The former England amateur boxer Kelvin Bilal Fawaz, who won his 16-year legal battle with the Home Office for the right to remain in the UK, is launching his professional career after being signed by MTK Global, one of the world’s largest boxing management agencies.
Fawaz, who has represented England six times and was once an amateur champion, has spent his adult life struggling to establish his nationality and immigration status after being trafficked from Nigeria to the UK as a child and kept in domestic servitude.
After he escaped his traffickers, he was placed in care, but when he was 18 the discretionary leave he had been granted as a child expired and the Home Office refused to accept he was stateless.
He spent the next 16 years in legal limbo as the Home Office repeatedly delayed making decisions on his case, refused to grant him a work permit and attempted to deport him to Nigeria, even though the Nigerian government denied him a passport and citizenship
He was twice arrested and detained in immigration removal centres before the Home Office accepted he was a victim of child trafficking and granted him the right to live and work in the UK for 30 months in June . He has since launched legal action against the Home Office for unlawful detention.
Fawaz said that discovering boxing as a teenager was his “salvation” after a childhood of pain and trauma, and he quickly emerged as a prodigious talent. Yet his lack of a work permit meant he was denied the chance of a professional career or the opportunity to box for England in the 2012 and 2016 Olympics.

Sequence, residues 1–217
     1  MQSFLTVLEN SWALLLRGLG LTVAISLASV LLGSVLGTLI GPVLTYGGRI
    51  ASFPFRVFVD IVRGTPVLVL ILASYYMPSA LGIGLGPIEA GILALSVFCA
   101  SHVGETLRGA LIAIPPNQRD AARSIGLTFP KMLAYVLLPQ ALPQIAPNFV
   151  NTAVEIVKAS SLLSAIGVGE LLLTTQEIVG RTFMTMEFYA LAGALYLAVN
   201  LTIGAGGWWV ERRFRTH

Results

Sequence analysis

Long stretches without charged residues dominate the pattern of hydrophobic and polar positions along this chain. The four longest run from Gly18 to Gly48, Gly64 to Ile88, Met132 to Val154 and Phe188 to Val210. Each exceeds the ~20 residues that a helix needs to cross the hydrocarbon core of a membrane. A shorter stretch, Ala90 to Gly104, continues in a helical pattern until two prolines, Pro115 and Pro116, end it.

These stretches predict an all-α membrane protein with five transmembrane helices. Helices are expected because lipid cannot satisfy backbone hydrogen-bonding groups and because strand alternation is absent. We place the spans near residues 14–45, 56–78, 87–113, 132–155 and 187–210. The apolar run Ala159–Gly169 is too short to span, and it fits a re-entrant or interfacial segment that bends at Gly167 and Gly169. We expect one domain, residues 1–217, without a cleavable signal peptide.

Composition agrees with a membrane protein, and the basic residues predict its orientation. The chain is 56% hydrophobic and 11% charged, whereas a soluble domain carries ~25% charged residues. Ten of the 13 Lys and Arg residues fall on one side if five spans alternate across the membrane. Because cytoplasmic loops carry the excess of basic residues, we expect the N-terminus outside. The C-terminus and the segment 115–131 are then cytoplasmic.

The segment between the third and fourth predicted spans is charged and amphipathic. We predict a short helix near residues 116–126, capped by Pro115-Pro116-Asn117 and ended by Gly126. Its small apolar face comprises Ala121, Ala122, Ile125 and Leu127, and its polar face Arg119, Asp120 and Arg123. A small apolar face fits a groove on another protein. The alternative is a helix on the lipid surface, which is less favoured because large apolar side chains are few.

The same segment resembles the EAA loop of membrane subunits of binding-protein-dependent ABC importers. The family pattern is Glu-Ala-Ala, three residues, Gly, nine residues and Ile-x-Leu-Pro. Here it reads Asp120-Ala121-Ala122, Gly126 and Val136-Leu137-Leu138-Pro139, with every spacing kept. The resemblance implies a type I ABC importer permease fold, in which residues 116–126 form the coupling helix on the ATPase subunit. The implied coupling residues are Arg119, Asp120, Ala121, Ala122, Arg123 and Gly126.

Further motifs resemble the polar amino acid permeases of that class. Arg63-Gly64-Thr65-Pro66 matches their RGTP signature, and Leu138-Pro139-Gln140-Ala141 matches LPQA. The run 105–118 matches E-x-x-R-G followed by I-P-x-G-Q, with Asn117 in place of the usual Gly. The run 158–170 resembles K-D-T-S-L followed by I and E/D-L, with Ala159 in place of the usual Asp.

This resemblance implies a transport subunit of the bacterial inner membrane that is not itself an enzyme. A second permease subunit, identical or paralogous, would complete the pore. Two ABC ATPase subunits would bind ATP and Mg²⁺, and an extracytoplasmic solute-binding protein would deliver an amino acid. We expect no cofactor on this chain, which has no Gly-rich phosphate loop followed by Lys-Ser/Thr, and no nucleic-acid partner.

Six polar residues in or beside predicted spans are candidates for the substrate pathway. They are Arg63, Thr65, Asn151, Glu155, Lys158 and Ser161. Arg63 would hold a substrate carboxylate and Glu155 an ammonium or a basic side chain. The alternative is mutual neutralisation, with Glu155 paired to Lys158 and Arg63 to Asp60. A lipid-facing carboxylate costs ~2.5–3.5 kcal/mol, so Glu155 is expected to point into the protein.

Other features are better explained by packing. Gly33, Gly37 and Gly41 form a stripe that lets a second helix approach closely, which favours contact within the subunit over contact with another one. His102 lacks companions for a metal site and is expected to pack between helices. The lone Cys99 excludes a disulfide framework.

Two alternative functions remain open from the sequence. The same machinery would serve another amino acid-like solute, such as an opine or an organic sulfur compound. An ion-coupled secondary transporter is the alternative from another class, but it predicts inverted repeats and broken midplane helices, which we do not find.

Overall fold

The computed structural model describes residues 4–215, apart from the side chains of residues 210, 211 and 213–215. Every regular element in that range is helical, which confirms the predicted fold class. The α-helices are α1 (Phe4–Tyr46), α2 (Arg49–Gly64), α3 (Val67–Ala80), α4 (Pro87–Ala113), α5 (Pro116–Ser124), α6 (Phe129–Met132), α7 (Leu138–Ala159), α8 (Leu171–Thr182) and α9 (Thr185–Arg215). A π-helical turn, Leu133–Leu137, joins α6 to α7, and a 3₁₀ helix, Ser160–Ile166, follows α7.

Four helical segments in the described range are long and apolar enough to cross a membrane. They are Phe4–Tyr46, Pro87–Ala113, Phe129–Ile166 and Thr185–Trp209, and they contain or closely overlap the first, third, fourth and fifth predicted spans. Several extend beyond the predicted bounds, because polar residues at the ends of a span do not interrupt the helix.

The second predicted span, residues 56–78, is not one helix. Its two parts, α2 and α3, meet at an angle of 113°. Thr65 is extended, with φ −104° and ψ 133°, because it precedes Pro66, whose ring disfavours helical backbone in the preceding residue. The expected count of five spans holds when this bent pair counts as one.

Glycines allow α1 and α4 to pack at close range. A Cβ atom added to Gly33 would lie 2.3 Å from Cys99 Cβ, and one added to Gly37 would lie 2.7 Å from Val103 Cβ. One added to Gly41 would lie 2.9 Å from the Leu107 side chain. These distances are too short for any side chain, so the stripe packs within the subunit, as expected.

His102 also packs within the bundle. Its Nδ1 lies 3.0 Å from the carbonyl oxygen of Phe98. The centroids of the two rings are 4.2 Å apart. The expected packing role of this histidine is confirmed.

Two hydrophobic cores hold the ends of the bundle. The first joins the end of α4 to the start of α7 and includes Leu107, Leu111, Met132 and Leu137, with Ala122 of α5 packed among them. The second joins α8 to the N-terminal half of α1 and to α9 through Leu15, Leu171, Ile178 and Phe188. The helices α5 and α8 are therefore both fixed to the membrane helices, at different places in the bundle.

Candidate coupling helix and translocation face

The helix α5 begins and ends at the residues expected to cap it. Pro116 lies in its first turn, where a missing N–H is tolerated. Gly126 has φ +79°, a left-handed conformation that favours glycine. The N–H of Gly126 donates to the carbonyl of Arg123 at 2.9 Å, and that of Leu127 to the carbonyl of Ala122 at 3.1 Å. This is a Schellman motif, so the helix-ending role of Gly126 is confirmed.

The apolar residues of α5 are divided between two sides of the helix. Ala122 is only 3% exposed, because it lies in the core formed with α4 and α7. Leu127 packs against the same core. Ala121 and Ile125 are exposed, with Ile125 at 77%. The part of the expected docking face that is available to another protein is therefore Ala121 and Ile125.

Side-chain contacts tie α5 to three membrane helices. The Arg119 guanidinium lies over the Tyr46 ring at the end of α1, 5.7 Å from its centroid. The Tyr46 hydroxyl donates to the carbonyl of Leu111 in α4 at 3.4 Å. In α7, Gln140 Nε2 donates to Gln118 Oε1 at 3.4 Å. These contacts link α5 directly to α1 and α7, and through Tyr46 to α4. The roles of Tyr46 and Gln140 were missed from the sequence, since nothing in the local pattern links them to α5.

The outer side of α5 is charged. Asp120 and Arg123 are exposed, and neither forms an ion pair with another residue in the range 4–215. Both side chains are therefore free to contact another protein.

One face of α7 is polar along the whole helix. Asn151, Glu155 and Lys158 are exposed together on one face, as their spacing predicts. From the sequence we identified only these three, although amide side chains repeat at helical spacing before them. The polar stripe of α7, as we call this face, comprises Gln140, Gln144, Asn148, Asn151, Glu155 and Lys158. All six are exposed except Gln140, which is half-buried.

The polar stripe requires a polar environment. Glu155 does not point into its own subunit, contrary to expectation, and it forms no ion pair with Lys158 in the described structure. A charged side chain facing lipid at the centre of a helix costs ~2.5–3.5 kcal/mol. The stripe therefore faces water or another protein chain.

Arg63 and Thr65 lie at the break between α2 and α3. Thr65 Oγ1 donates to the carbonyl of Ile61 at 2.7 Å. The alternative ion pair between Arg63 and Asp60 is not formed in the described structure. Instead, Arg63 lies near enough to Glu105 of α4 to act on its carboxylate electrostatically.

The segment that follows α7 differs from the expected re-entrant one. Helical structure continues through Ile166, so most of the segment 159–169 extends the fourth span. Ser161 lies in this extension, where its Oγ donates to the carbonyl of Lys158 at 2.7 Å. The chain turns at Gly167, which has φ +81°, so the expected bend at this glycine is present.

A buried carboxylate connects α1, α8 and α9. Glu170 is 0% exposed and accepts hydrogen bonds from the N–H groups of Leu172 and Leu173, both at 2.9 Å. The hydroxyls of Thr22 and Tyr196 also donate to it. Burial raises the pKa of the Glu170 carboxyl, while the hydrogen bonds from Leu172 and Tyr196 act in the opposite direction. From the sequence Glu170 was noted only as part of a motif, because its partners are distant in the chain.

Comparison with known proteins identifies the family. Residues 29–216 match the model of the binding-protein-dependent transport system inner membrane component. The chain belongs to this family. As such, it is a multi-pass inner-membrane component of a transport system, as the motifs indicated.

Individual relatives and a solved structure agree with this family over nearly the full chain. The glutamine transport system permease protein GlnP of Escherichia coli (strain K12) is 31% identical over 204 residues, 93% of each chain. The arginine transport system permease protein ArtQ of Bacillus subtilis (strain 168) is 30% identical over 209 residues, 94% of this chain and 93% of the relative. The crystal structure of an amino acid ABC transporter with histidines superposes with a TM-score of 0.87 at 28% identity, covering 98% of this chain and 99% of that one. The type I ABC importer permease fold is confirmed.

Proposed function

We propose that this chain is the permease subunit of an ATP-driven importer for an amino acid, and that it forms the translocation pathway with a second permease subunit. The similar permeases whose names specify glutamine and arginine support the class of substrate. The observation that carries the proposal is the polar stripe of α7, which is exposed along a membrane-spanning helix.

Over the years, some of the biggest names in the sport have appealed to the Home Office on his behalf, including the boxing promoter Frank Warren. Former champion Barry McGuigan wrote to the Home Office in 2014 praising Fawaz’s “exceptional talent” and offered him a £230,000 contract.
MTK Global, one of the world’s largest and most prestigious boxing agencies, representing stars including Tyson Fury and Josh Taylor, said the company vowed to give him the opportunities he deserved in the sport.
“His determination to overcome adversity is a real inspiration to all,” said MTK Global vice-president Jamie Conlan. “This is the first step of many in his professional boxing career, and I’m looking forward to seeing him show the world his skills.”
Fawaz said his signing with MTK was a “rebirth” after more than a decade of trauma and uncertainty.
“Two years ago, when I was sitting in immigration detention, I thought my life was over. I was cutting myself just to relieve the pain of what I was going through. I never thought in a million years I would be in the position where I would be standing proudly on the verge of launching a professional boxing career,” he said.
“The whole process with the Home Office tried to strip me of my identity and my potential but I kept the faith in myself and the people who believed in me and I know I can go on to do great things both in and outside the boxing ring.”
Fawaz said he aimed to spend time outside his training schedule mentoring and supporting children within the asylum claims process.
“I want to use what happened to me and turn all those negatives into positive change,” he said. “There is nothing to gain from looking backwards, for me it’s all about making up for lost time and showing the world what I’m capable of.”